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Farmers respond to an animal part found in PKE



19 June 2013

Farmers respond to an animal part found in PKE

Federated Farmers considers the proposed improvements to the biosecurity of Palm Kernel Expeller (PKE), following the Ministry for Primary Industries (MPI) response to the Federation’s Clark-McKinnon Report, cannot come soon enough.  It also comes on the same day an exotic animal body part was confirmed to have found in PKE on a Bay of Plenty farm.

“Can we first pay tribute to the Bay of Plenty dairy farmer who absolutely did the right thing when he or she discovered an animal part in PKE,” says Dr William Rolleston, Federated Farmers Biosecurity spokesperson.

“Any farmer who finds something untoward must do what this farmer rightly did and call the Biosecurity hotline; 0800 80 99 66.  Do not ignore or dispose of it.  Report it.

“Yet we must ask why the MPI did not initiate a recall of this shipment.  Clearly the shipment was contaminated and that is a breach of the Import Health Standard.

“Any exotic animal part making its way onto a farm is a huge concern and could be a disease vector.

“Following the MPI’s audit of Malaysian and Indonesian facilities, they have indicated that PKE facilities need better security and that product traceability needs to be strengthened.

“We agree.  In 2012, Federated Farmers members, David Clark and Colin McKinnon, visited an unapproved PKE plant and found lax security. 

“It should be noted that while an audit found no evidence this plant had supplied PKE to New Zealand, the Clark-McKinnon report raises the possibility that PKE from unapproved plants could have been exported to New Zealand through product consolidation by traders in the country of origin.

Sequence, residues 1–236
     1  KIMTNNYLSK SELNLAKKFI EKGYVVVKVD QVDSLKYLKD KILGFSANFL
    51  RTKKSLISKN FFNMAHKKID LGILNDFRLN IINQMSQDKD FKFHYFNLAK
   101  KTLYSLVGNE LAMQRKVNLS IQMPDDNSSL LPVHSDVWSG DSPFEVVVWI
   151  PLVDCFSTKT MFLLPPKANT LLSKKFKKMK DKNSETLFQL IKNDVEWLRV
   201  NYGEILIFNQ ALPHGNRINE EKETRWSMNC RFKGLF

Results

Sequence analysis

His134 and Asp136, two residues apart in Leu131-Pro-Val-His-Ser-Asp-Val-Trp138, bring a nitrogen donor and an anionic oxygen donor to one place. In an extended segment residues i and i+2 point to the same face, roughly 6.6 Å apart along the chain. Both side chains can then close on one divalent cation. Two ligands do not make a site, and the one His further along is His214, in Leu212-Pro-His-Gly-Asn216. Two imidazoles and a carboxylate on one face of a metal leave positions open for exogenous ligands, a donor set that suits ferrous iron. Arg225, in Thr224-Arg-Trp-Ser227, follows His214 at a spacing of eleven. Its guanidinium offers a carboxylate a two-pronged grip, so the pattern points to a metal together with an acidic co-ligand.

“The MPI audit report released today confirms this.  It notes that PKE has been able to be imported from non-approved facilities and Legal Declarations have not been completed, as required by our Import Health Standards.

“The Clark-McKinnon report called for a tightening of process.  The MPI have responded with a review of the Import Health Standard and an audit of the supply chain resulting in the recommendations.

“Heat treatment is a key biosecurity measure to protect New Zealand from diseases like Foot and Mouth.  Clearly, the issue seems to be what occurred post treatment.  We now know animal tissue has entered the PKE supply chain at a later stage, perhaps dragged in by a rodent, dropped by a bird or by some other animal entering a storage area.

“The risk to New Zealand is real and carries severe consequences. It raises serious questions about how vigorously phytosanitary certificates are verified, let alone the systems used to create them.

“Federated Farmers will be scrutinising the implementation of these recommendations to ensure they meet the minimum expectations of good biosecurity, while ensuring that we meet our World Trade Organisation requirements,” Dr Rolleston concluded.


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